Celebrating 175 years: John Deere CEO visits dealership

2012-06-04T07:39:00Z 2012-06-04T10:40:52Z Celebrating 175 years: John Deere CEO visits dealershipBy SUE ROESLER, Farm Ranch Guide Farm and Ranch Guide
June 04, 2012 7:39 am  • 

Sam Allen never imagined when, as a graduating senior in Industrial Engineering at Purdue University, he’d be hosting lunch for the senior vice president of John Deere during “Executive in the Class” day at college.

He also never imagined by the end of that lunch, he’d be invited to interview with John Deere for a job. Or that he’d walk into that John Deere store in Moline, Ill., and feel right at home.

Or that one day he’d end up as the head of one of the largest agriculture and construction equipment companies in the world – John Deere.

“I found out it was true that if you come to work for John Deere and you work for two years, you’ll end up staying for the rest of your career,” Allen said, adding John Deere is a company that not only cares a great deal about its customers, it cares about its employees and  folks in the ag community around the world as well. He began at John Deere in 1975.

Earlier in May, Allen toured one of John Deere’s customers in Watford City, N.D., Badlands Power Fuels, a drilling fluids and crude oil transportation company, and one of its top John Deere dealerships, RDO Equipment Co. in Bismarck.

Derrick Shaffer, general  manager of RDO Equipment in Bismarck, said it was very exciting to host the head of the company. “It’s not everyday the CEO of John Deere comes to visit.”

Shaffer said RDO in Bismarck continues to grow every year and employ the best people possible.

“With agriculture as good as it is and construction growing in western North Dakota, we’re busy and growing and we appreciate the good success we’ve had,” he said.

Shaffer thanked Allen for taking the time to visit the store. After all, it is the 175th anniversary of John Deere – and no one knows that better than Sam Allen himself.

Allen said John Deere was one of the oldest companies in the country and he recognized the legacy of the company everyday as he toured dealerships and talked to customers around the world.

“First of all, there really was a John Deere and he started this company when he was 34 years old,” Allen said. “It’s great to have such a heritage and it gives me a sense of responsibility to continue that success he started.”

Back in the 1880s, John Deere said, “I will never put my name on a product that does not have in it the best that is in me.” It is something that John Deere dealerships around the world still adhere to today, Allen said.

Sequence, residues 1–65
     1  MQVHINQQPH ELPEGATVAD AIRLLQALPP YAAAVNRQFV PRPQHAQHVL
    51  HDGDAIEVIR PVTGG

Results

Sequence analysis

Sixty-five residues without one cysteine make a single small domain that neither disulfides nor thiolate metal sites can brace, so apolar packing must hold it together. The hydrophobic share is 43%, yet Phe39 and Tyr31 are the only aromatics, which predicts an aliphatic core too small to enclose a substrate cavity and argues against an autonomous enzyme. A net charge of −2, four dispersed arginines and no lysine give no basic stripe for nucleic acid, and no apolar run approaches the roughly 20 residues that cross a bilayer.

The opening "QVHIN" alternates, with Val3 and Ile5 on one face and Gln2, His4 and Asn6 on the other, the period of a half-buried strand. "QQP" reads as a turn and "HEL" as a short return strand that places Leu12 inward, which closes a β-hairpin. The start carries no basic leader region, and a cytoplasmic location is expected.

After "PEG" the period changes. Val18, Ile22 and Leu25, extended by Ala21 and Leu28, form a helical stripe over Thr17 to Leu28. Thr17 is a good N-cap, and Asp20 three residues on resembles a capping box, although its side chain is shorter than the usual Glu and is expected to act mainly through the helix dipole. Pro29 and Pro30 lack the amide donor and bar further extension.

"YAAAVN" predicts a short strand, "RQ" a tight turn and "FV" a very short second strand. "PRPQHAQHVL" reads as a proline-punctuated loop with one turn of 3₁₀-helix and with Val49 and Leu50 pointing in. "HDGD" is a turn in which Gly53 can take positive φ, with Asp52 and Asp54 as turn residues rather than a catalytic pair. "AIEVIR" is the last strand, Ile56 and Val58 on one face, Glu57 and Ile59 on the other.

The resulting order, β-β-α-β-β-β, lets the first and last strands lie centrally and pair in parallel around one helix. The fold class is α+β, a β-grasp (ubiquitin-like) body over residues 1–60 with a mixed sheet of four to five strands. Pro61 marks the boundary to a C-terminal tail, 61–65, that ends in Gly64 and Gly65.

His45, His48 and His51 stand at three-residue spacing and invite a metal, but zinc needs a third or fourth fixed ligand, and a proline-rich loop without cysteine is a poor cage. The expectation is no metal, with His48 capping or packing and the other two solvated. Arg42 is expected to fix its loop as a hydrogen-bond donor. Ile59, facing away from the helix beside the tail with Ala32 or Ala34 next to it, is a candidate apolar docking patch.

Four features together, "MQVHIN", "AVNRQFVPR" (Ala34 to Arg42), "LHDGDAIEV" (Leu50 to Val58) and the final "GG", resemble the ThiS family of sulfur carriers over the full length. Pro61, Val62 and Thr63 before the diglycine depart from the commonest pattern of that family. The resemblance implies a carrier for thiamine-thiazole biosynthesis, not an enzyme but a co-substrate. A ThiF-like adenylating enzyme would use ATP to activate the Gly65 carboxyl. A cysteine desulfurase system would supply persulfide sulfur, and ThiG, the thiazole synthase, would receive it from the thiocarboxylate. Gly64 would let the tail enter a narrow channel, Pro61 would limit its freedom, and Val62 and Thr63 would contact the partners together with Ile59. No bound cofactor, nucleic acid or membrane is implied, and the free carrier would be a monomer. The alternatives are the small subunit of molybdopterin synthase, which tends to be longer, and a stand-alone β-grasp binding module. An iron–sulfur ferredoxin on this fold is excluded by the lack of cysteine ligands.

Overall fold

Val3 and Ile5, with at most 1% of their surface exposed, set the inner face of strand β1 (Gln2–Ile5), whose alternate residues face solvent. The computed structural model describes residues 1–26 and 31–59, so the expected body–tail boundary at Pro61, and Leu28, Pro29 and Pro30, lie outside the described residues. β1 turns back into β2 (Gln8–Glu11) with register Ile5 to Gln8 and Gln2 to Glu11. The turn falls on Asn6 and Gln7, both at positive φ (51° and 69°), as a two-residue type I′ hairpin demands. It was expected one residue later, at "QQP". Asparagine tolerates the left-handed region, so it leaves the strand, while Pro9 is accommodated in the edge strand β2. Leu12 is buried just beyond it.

The Deere company will use the 175th anniversary as a springboard to renew its commitment to its customers, and all the people they work with.

Allen said the Bismarck RDO Equipment store was one of John Deere’s best and he was proud of what they have accomplished.

“RDO Equipment has had tremendous growth. Its one of our top dealerships,” Allen said.

And for John Deere as a whole? The company had an all time record, bringing in $1.053 billion this quarter, Allen said.

As to where Allen sees the future of John Deere heading, precision farming will be more and more a part of agriculture, even on small farms, he said.

“We’re increasing productivity on farms and more and more intelligent equipment that will make the best use of nutrients will continue to be important,” he said.

Allen pointed out that John Deere has made commitments to work with the farmers and communities in India, Russia and China, to help them grow and learn agronomic principles. On a past trip to India, he had worked alongside farmers in the fields bringing new tools for them to grow crops.

“We think John Deere has an opportunity in terms of selling equipment to help double the food output,” Allen  said.

Over the last year, Allen said they have launched several significant projects that will add to their manufacturing capacity on a global basis.

“Global markets are making a big impact on John Deere’s performance today, and will become even more important in the future,” he said.

In addition, John Deere gives about $20 million a year to charities, about half of it goes to world hunger, he said.

For North Dakota, Montana, South Dakota and Minnesota farmers, RDO Equipment continues to believe in the importance of Farm Rescue, said Shaffer. They donate equipment and personnel to help plant and harvest crops for farmers who are injured or have been hit by natural disaster.

Allen said he and his entourage had made stops in Seattle, Wash., Colorado Springs, Colo., Atlanta, Ga., and were on their way to Mississippi.

Others who accompanied Allen to the Bismarck RDO store were Christi Offutt,  CEO of RDO Equipment Co., who noted employees who had served at least 20 years with RDO, and Ron Offutt, founder and chairman of RDO.

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